Haaretz’s Iris Liel, an admitted fan of Benayoun’s Mizrahi tunes, comes at the issue much the same way, wondering whether it’s permissible to learn philosophy from former Nazi Martin Heidegger or enjoy the poetry of anti-Semite Ezra Pound, but unlike Schein, she is less sure of her conclusions:

“It seems it’s possible and even needed to deal with this with ambivalence. In fact, it is one of the ways we negotiate with art, and one of the deeper parts of it. Those who accuse Benayoun of inciting to racism need to ask themselves whether they would want to be put under the same restrictions. Others, like myself, will be forced to continue to suffer the discomfort it causes regularly,” she writes.

In Yedioth, reporter Raz Shechnik takes a trip to join the masses of people who agree with Schein and see Benayoun in concert in Tel Aviv, where he reports the singer had a bit of a sense of humor about the hubbub over the song.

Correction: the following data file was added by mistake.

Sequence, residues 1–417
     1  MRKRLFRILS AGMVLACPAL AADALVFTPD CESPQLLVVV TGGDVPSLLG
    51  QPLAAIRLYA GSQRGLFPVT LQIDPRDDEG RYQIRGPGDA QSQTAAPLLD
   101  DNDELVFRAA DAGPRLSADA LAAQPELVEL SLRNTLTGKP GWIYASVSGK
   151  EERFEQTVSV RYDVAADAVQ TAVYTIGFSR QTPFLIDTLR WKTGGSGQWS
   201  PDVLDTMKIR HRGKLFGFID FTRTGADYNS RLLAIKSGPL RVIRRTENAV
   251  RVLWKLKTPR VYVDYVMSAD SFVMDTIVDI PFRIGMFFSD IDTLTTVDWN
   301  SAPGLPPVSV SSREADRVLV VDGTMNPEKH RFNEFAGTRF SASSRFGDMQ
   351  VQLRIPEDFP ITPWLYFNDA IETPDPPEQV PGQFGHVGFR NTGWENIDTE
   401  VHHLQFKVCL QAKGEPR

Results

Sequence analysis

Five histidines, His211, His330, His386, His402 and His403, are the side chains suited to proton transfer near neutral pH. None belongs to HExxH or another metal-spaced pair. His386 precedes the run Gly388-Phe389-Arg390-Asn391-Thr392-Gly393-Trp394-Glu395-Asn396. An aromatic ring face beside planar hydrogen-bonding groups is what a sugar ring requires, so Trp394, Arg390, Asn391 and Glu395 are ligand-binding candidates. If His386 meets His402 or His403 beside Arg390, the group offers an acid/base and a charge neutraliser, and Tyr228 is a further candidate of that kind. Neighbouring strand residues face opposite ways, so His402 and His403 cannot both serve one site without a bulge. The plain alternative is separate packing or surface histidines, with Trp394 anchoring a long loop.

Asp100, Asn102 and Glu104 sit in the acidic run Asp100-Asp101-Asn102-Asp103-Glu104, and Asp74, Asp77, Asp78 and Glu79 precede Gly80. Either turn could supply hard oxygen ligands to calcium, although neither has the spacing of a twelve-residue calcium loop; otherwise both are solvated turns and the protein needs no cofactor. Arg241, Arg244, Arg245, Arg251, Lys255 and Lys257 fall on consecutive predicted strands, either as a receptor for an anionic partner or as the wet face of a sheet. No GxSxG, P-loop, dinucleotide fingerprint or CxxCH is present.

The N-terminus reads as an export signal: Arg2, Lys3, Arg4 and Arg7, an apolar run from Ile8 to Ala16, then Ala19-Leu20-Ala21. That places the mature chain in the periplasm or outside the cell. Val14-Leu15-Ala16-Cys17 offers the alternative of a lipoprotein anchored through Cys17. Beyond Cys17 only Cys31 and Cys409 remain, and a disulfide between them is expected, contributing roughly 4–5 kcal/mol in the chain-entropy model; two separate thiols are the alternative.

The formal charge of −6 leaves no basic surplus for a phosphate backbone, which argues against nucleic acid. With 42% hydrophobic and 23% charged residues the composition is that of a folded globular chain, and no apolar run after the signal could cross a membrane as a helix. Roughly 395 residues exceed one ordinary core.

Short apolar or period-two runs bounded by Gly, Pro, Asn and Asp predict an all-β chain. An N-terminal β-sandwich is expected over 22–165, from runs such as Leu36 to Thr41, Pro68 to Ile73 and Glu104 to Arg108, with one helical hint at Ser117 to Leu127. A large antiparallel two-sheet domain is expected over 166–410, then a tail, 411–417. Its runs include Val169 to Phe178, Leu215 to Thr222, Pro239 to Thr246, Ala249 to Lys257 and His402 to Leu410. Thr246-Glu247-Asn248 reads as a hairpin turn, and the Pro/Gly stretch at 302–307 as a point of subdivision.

“When part of the crowd asked him to play ‘Ahmed loves Israel,’ which has engendered so much anger lately, he deflected and asked innocently “What’s that, what are you talking about?”

Not everybody is laughing, though, including writer Ben-Dror Yemini, who praises Rivlin’s decision to ban Benayoun from the ceremony, which is to honor North African and Middle Eastern Jewish refugees who came to Israel.

“Benayoun’s song contains the words ‘ungrateful scum,’ in talking about Israeli Arabs. There is racist scum in every community, every nation, but his generalized use here constitutes incitement to racism. It could even be a criminal transgression,” he writes. “And even if not, the presidency is a symbol. Giving a stage to someone who only a few days ago released an inflammatory and racist song would be a gift to legitimizing racism.”

As if the gales brewing in Israel weren’t enough, Haaretz spots another possible tempest on the horizon, or maybe some sunny skies ahead. The broadsheet leads off with a report that Public Security Minister Yitzhak Aharonovitch and other Israeli officials are looking to outlaw a group of vigilante Muslim guards who work to restrict Jewish access to the flashpoint Temple Mount in Jerusalem.